[His comments are getting a similar negative reaction across the religious spectrum and around the world]
Father Benedict Groeschel’s disturbing comments
By Matt C. Abbott
My favorite living spiritual writer, Father Benedict Groeschel, made some comments in a recent interview with the National Catholic Register that I find quite disturbing.
The portion of the interview with Father Groeschel addressing the issue of sexual abuse is as follows (click here to read the interview, which is wide-ranging, in its entirety www.ncregister.com/daily-news/father-benedict-groeschel-reflects-on-25-years-of-the-franciscan-friars-of ):
[Interviewer]: Part of your work here at Trinity has been working with priests involved in abuse, no?
[Father Groeschel]: A little bit, yes; but you know, in those cases, they have to leave. And some of them profoundly — profoundly — penitential, horrified. People have this picture in their minds of a person planning to — a psychopath. But that’s not the case. Suppose you have a man having a nervous breakdown, and a youngster comes after him. A lot of the cases, the youngster — 14, 16, 18 — is the seducer.
[Interviewer]: Why would that be?
[Father Greoschel]: Well, it’s not so hard to see — a kid looking for a father and didn’t have his own — and they won’t be planning to get into heavy-duty sex, but almost romantic, embracing, kissing, perhaps sleeping but not having intercourse or anything like that.
It’s an understandable thing, and you know where you find it, among other clergy or important people; you look at teachers, attorneys, judges, social workers. Generally, if they get involved, it’s heterosexually, and if it’s a priest, he leaves and gets married — that’s the usual thing — and gets a dispensation. A lot of priests leave quickly, get civilly married and then apply for the dispensation, which takes about three years.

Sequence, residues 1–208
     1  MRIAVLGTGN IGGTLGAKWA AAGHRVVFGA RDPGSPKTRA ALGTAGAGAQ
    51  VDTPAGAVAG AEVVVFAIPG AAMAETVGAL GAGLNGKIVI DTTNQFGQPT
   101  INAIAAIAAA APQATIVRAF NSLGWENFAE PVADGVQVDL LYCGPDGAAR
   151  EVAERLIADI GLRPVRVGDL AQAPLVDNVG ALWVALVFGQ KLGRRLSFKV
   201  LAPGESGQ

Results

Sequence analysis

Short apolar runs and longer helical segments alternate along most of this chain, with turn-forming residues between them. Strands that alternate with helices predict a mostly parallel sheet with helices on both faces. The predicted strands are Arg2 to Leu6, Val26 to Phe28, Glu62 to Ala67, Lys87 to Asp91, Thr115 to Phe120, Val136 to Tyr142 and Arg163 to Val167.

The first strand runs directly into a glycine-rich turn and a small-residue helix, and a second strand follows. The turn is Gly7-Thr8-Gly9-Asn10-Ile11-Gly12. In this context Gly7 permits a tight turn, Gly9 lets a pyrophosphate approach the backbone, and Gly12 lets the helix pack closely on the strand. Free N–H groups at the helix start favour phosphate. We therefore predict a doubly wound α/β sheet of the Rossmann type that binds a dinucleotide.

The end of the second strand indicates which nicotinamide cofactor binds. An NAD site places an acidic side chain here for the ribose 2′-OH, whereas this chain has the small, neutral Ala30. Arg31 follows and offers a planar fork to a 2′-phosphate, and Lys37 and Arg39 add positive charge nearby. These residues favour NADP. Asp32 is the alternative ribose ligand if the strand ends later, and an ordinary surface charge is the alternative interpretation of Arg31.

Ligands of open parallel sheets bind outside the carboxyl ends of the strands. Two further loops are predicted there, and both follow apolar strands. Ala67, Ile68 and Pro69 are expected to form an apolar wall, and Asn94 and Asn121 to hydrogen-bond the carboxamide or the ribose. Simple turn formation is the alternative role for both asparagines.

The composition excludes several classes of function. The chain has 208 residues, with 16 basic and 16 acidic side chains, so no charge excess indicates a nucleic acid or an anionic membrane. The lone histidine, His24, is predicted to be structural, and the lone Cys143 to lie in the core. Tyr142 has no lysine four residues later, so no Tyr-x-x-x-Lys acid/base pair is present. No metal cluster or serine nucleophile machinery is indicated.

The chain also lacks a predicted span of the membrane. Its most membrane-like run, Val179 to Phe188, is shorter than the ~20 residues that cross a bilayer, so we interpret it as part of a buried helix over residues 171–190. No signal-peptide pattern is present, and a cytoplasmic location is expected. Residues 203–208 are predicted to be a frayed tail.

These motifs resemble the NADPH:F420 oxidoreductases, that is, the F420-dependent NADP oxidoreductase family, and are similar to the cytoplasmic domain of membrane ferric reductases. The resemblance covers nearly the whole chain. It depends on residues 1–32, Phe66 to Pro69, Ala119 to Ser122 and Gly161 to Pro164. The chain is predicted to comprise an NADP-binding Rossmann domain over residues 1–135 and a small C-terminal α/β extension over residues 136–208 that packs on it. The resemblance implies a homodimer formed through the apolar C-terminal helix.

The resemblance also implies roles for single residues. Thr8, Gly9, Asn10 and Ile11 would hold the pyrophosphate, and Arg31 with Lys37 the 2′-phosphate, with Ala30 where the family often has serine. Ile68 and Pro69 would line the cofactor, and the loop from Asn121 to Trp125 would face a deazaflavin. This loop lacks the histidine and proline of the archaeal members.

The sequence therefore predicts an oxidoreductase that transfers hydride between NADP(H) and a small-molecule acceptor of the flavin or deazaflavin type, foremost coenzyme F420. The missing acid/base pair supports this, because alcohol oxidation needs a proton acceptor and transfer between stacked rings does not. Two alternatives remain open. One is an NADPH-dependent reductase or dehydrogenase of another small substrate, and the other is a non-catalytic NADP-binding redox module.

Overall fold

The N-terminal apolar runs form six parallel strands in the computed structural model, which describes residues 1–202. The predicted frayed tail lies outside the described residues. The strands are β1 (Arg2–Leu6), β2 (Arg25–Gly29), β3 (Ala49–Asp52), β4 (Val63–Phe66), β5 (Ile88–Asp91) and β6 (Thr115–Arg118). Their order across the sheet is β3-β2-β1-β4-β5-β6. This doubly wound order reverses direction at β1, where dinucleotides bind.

But there are the relatively rare cases where a priest is involved in a homosexual way with a minor. I think the statistic I read recently in a secular psychology review was about 2%. Would that be true of other clergy? Would it be true of doctors, lawyers, coaches?
Here’s this poor guy — [Penn State football coach Jerry] Sandusky — it went on for years. Interesting: Why didn’t anyone say anything? Apparently, a number of kids knew about it and didn’t break the ice. Well, you know, until recent years, people did not register in their minds that it was a crime. It was a moral failure, scandalous; but they didn’t think of it in terms of legal things.
If you go back 10 or 15 years ago with different sexual difficulties — except for rape or violence — it was very rarely brought as a civil crime. Nobody thought of it that way. Sometimes statutory rape would be — but only if the girl pushed her case. Parents wouldn’t touch it. People backed off, for years, on sexual cases. I’m not sure why.
I think perhaps part of the reason would be an embarrassment, that it brings the case out into the open, and the girl’s name is there, or people will figure out what’s there, or the youngster involved — you know, it’s not put in the paper, but everybody knows; they’re talking about it.
At this point, (when) any priest, any clergyman, any social worker, any teacher, any responsible person in society would become involved in a single sexual act — not necessarily intercourse — they’re done. And I’m inclined to think, on their first offense, they should not go to jail because their intention was not committing a crime.
Because I have such profound respect and admiration for Father Groeschel, it pains me to say this, but I think he’s terribly misguided here. Perhaps in his advanced age he’s not articulating himself as well as he used to; I don’t know. I want to give him the benefit of the doubt, but, in this instance, it’s very difficult.
When asked by me to respond to Father’s aforementioned comments, a faithful Catholic who has worked with victims of sexual abuse wrote:
“First of all, Father Groeschel’s suggestion that sex abusers of any profession should not get jail for a first offense — because, he claims, they don’t ‘intend’ to abuse — is simply incomprehensible. What on earth does he mean? Doesn’t he know that a good intention does not by itself make an act good? Hasn’t he read the Catechism of the Catholic Church?
“Moreover, with all due respect to Father Groeschel, it is utterly irresponsible to suggest that a priest, who is in a position of moral authority, should be excused for permitting himself to be ‘seduced’ by a young person. That is not at all the message coming from the Vatican, which has been trying with increasing urgency to get bishops to take decisive action to protect young people and bring healing to victims.”